PRESIDENT Muhammadu Buhari has ordered the Min­istry of Aviation to imme­diately start the process of securing the management of the Nigerian airspace over the Gulf of Guinea from Ghana. He has also ordered the Ministry to expedite action on the establishment of a new national airline.
The nation’s national car­rier, Nigeria Airways, estab­lished in 1958, was liqui­dated in 2003 under heavy debts, mismanagement, inefficiency and corruption. Ghana has been maintain­ing the airspace over the Gulf of Guinea since 1945.
The President gave the directive when he received briefings from the officials of the Aviation Ministry, led by the Permanent Secretary, Binta Bello, at the Presiden­tial Villa. Addressing State House Correspondents after the briefing, Bello said the Pres­ident was actually worried that Nigeria does not have a national air carrier, hence the instruction to re-estab­lish one.
On the airspace take over directive, she said it is com­ing at a time when some oth­er neighbouring countries were making moves to take over their own airspace too. “We have a directive by the President to start the process of securing the man­agement of the Nigerian air­space over the Gulf of Guin­ea, which Ghana has been maintaining since 1945 and there is a move on ground by Togo and Republic of Benin to take over their own airspace from Ghana.”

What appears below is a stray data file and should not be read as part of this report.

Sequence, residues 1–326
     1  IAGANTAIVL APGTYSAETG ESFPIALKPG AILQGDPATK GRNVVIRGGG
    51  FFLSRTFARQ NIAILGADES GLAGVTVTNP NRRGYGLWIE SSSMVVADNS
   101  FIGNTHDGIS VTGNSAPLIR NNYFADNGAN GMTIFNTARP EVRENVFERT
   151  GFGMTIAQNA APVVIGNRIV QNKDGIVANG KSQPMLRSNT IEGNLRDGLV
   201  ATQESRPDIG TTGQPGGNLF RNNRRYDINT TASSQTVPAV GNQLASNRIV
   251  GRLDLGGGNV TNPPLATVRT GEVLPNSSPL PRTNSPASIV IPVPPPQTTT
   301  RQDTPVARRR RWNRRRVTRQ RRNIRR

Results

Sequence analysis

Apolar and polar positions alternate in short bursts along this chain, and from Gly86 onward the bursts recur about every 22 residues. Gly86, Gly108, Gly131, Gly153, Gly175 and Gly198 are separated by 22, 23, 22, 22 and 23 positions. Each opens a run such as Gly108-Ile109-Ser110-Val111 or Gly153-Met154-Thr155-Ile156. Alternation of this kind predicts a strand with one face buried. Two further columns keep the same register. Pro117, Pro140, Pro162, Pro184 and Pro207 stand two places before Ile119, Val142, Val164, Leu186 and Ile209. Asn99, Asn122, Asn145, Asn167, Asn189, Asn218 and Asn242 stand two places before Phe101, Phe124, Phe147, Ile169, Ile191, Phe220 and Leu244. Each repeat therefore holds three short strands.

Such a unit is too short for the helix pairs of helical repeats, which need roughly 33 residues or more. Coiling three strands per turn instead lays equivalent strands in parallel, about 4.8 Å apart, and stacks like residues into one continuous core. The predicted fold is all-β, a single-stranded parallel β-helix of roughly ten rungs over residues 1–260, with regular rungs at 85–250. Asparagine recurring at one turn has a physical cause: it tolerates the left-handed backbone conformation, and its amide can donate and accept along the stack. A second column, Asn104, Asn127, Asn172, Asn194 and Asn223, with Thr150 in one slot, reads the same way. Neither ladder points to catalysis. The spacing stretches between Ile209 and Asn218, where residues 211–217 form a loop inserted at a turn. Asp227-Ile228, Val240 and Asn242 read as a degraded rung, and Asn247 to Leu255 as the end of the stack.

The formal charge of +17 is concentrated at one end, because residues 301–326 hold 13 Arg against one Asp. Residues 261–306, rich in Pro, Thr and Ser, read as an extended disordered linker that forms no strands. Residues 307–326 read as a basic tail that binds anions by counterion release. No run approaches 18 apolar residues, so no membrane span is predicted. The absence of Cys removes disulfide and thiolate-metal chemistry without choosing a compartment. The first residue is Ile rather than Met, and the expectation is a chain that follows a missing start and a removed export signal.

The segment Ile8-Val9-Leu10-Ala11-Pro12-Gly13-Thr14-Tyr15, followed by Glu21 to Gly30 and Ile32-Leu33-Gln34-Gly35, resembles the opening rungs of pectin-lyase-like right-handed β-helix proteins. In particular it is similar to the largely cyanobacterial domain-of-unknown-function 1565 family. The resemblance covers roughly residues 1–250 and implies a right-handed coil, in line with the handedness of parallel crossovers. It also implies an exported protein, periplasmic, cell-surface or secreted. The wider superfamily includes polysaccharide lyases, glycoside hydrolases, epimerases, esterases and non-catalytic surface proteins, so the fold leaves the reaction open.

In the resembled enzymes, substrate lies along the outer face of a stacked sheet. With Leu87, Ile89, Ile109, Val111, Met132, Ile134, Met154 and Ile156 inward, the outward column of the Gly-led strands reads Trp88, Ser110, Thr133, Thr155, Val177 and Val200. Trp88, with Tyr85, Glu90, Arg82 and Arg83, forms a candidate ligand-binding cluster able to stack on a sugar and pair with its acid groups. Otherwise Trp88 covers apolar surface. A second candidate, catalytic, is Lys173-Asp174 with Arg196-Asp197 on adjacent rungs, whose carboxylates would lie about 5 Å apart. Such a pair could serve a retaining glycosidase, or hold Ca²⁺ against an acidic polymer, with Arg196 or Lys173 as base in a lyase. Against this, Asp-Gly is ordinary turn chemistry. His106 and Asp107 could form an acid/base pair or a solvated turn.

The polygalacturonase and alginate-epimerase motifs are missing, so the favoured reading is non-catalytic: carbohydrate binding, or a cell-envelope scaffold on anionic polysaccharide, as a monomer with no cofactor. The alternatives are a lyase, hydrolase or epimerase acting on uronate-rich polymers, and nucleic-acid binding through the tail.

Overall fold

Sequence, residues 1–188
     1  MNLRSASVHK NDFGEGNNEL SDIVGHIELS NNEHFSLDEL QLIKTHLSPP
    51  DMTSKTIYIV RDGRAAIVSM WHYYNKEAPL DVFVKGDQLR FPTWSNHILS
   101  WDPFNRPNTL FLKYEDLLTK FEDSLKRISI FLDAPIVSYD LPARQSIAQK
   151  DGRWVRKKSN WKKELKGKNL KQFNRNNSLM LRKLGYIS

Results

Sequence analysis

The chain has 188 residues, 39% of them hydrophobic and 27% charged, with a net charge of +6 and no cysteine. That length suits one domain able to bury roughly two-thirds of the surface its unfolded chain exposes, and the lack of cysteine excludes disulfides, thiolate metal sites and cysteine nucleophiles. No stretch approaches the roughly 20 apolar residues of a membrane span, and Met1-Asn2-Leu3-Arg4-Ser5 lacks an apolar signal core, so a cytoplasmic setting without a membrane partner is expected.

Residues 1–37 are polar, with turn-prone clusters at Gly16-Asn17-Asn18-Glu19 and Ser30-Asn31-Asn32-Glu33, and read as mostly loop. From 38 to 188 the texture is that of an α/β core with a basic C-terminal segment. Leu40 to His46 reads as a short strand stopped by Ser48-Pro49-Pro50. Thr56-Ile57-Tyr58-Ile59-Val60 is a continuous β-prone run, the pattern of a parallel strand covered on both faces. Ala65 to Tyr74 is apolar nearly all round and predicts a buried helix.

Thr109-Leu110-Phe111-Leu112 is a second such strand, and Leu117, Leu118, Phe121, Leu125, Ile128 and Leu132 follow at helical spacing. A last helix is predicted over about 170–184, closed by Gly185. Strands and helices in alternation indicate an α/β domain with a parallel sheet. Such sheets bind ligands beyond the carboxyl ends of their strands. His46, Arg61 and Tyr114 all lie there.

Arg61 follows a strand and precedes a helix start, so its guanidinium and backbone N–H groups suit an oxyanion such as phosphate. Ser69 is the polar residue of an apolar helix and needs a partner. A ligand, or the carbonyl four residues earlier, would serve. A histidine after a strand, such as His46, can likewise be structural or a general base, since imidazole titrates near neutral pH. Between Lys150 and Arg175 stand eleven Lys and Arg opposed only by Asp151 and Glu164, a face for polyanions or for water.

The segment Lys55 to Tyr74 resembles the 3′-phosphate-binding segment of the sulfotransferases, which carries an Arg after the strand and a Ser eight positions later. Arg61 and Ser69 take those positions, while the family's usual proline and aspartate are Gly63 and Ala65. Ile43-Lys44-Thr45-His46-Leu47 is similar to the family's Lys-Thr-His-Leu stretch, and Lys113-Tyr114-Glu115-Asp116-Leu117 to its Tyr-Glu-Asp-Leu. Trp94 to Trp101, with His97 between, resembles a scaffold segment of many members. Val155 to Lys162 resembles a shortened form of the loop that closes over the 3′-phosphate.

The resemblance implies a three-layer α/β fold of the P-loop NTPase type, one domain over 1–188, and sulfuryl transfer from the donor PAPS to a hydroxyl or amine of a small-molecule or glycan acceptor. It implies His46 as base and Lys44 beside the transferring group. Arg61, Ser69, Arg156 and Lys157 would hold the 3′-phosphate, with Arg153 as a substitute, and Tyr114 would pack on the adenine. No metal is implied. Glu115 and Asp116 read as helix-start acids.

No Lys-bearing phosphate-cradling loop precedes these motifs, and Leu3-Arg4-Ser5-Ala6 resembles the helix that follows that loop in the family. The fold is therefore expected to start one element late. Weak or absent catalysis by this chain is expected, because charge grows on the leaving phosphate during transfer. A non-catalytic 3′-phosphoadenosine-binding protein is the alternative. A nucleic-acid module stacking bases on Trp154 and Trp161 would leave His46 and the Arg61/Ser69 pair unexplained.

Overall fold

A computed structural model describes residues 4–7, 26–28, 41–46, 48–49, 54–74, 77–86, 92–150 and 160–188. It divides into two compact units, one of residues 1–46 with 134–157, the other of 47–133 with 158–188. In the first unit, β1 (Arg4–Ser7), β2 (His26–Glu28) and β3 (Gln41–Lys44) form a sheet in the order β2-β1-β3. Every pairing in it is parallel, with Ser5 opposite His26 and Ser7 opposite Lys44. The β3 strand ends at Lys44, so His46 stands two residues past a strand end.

On the establishment of national carrier, Bello said, “the President is quite con­cerned about lack of na­tional carrier for now and he has directed the Ministry to look into the possibility of having a national carrier as soon as possible.”
The Permanent Secretary added that she briefed the President on the four inter­national terminal buildings that are being constructed across the country. She said the buildings would be ready for commis­sioning at the end of the first quarter of 2016.
Bello said she also briefed Buhari on the chal­lenges domestic airlines were facing despite the Fed­eral Government’s N300 billion intervention fund. She regretted that despite the intervention, many of the airlines are still heavily indebted to regulatory agen­cies.